Stricken Japanese Moon mission landed on its nose

Stricken Japanese Moon mission landed on its nose
Stricken Japanese Moon mission landed on its nose

We show you our most important and recent visitors news details Stricken Japanese Moon mission landed on its nose in the following article

Hind Al Soulia - Riyadh - TOKYO — Japan's Moon lander ended up on its nose when it made its historic touchdown on the lunar surface.

The first picture of the stricken Slim spacecraft shows it rotated 90 degrees from how it should have come to rest.

This will go some way to explaining the difficulties it has had in generating the electricity needed to operate.

The image was captured by the small baseball-sized robot called Sora-Q that was ejected from Slim moments before touchdown last Friday.

"An abnormality in the main engine affected the landing attitude of the spacecraft," the Japanese space agency Jaxa said.

To get the picture to Earth, Sora-Q first had to transmit it to a second roving robot, Lunar Excursion Vehicle 1, or Lev-1. This hopping vehicle has radio equipment that can contact mission control independently of Slim.

The lander itself was shut down three hours after arrival because it could not get its solar cells to work. With the battery rapidly draining, Jaxa officials took the decision to hibernate Slim.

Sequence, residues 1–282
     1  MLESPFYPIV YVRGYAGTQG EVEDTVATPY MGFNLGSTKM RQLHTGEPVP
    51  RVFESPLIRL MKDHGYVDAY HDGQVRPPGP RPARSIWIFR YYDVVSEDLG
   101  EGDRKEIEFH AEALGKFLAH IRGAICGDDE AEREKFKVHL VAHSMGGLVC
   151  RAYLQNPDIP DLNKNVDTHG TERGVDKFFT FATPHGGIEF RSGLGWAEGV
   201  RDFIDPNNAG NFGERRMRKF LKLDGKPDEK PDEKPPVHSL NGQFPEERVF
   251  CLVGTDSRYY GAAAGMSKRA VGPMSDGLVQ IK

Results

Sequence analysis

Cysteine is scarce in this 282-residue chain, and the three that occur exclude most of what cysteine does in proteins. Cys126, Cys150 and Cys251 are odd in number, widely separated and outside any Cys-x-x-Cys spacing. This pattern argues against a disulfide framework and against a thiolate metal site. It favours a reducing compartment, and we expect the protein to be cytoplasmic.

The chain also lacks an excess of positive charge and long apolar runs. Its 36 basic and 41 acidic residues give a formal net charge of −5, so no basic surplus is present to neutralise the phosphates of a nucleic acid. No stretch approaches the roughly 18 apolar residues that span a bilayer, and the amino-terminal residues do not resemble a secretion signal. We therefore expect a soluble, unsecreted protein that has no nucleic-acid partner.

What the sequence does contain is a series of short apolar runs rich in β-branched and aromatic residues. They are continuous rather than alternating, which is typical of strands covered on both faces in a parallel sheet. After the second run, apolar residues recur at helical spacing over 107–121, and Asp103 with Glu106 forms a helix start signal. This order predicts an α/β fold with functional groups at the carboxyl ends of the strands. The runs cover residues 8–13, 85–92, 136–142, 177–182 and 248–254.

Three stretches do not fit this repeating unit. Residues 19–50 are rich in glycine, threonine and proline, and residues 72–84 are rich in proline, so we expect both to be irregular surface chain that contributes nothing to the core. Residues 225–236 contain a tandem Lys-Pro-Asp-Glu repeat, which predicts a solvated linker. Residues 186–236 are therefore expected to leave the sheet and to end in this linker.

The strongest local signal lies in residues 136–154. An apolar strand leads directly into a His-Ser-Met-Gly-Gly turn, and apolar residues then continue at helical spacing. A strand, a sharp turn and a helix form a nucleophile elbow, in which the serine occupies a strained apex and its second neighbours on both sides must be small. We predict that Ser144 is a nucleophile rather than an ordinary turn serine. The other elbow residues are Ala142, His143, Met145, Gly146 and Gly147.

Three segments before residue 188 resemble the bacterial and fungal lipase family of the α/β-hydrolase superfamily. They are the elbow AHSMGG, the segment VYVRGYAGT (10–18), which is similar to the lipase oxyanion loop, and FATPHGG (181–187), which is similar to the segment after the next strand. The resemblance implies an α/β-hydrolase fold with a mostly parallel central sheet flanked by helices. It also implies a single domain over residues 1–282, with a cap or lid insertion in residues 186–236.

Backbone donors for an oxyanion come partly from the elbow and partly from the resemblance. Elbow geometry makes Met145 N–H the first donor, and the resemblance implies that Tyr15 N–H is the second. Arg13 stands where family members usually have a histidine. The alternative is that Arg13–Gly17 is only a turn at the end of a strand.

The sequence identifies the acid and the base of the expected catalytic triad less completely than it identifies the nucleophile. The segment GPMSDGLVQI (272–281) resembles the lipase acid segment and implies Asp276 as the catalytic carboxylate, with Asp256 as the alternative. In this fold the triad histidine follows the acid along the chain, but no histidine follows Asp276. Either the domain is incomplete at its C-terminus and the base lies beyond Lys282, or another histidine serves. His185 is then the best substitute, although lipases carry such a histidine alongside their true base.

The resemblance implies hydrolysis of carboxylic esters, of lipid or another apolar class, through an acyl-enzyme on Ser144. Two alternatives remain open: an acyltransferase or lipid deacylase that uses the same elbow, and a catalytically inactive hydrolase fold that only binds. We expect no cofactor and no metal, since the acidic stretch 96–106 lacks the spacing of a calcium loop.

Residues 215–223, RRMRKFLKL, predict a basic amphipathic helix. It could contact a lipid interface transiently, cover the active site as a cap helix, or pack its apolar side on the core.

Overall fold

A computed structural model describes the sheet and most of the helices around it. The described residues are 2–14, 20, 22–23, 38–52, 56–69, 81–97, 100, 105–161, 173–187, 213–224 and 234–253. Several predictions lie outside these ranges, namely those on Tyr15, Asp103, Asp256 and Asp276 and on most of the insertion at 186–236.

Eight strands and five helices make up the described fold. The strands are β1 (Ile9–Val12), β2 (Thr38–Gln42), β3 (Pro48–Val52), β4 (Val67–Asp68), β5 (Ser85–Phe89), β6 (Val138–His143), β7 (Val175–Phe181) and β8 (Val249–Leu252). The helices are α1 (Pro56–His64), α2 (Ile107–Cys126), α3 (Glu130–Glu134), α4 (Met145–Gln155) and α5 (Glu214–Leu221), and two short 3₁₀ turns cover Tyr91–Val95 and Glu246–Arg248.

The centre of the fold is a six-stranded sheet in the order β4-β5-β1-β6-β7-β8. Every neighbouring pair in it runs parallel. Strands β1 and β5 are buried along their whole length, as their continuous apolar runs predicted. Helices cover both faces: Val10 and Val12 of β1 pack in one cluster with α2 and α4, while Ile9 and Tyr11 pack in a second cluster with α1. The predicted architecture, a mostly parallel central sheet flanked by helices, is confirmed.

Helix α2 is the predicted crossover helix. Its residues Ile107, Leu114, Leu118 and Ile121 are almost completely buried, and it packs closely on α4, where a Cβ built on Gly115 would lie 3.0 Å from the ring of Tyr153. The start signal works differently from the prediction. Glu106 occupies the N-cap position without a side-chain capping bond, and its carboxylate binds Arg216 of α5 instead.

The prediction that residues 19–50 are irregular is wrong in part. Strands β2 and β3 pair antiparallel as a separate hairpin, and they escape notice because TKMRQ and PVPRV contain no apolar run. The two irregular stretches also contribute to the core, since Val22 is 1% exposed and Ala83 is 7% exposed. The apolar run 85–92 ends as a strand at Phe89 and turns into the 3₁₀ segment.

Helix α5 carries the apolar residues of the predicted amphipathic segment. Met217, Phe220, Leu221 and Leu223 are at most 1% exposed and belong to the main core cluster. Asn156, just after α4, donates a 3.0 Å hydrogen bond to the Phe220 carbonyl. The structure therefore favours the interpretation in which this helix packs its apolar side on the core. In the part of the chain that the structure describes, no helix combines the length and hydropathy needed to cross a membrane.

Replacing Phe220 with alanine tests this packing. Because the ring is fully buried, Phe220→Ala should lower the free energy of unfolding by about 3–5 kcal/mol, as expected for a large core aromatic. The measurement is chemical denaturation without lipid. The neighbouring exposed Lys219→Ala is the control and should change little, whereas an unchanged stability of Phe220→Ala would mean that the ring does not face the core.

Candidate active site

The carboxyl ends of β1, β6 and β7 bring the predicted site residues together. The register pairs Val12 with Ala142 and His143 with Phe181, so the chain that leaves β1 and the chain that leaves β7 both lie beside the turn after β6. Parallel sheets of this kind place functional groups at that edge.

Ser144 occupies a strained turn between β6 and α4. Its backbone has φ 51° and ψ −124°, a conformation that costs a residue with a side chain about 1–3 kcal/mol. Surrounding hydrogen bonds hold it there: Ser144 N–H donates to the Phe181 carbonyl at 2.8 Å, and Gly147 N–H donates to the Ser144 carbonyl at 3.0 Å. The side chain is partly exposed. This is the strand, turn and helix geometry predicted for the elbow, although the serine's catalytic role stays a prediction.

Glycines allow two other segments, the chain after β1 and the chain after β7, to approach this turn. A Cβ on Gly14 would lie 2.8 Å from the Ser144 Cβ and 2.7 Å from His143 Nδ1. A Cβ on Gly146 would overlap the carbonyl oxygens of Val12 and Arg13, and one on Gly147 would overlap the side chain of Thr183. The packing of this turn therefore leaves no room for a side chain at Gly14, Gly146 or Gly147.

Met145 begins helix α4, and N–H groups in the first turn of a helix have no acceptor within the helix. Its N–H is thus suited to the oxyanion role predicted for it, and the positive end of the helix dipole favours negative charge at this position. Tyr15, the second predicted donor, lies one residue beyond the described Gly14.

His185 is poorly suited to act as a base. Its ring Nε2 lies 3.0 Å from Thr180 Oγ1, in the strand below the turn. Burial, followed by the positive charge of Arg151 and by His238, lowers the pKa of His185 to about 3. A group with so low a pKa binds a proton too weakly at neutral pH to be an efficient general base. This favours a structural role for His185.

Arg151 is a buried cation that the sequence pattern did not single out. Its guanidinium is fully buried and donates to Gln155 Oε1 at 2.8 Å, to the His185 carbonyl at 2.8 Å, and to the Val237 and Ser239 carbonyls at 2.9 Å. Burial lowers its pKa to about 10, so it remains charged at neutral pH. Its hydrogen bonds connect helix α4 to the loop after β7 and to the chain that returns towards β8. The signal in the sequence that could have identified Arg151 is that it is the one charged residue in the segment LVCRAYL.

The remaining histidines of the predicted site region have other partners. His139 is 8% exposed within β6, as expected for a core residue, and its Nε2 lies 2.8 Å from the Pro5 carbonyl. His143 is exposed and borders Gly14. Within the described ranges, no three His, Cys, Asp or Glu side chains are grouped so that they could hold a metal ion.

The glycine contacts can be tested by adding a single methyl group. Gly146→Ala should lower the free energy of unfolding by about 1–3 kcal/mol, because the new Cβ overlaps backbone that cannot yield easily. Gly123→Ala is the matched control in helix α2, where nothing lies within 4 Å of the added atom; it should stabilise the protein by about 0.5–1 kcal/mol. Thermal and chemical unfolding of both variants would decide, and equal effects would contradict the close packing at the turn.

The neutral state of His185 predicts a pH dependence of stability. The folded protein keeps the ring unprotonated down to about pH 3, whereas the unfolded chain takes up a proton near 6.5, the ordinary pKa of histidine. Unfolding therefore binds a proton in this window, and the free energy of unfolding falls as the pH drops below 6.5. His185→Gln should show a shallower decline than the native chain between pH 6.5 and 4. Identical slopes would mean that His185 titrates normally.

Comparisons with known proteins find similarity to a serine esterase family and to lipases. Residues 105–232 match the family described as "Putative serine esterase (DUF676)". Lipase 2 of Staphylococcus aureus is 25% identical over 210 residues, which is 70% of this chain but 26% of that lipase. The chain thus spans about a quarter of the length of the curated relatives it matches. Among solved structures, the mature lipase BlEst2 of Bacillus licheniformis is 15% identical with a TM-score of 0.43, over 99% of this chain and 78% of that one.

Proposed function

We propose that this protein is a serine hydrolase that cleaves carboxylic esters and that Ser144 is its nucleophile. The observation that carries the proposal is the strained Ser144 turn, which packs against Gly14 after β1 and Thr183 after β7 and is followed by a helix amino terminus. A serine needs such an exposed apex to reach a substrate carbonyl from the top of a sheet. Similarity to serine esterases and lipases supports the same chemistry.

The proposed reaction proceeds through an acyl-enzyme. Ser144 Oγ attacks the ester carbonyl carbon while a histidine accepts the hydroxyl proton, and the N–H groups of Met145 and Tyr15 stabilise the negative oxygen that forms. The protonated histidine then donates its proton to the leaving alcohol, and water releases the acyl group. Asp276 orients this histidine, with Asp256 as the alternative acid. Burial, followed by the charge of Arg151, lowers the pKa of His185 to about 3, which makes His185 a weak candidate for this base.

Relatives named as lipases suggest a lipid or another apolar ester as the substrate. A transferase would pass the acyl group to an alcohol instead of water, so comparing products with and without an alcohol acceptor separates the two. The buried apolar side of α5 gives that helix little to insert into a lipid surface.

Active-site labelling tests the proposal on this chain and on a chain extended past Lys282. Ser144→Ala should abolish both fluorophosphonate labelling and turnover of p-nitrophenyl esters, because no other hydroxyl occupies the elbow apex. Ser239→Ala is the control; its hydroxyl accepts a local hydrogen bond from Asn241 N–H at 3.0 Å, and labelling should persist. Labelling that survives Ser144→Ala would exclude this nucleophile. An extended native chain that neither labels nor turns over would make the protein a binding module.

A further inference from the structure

Their assumption — which seems to be borne out by the Sora-Q image — is that the main spacecraft is orientated in a way that prevents the solar cells from seeing the Sun.

The hope is to wake Slim when lighting angles change at its landing location.

Before hibernation, controllers were able to pull down a series of pictures of the surface taken by its on-board infrared camera.

These show the spacecraft to be on a slope, surrounded by small rocks.

Slim's landing location is at the edge of an equatorial crater known as Shioli.

The landing on Saturday at 00:20, Japan standard time (15:20 GMT) made Jaxa only the fifth national space agency to achieve a soft touchdown on the Moon — after the US, the former Soviet Union, China and India. — BBC


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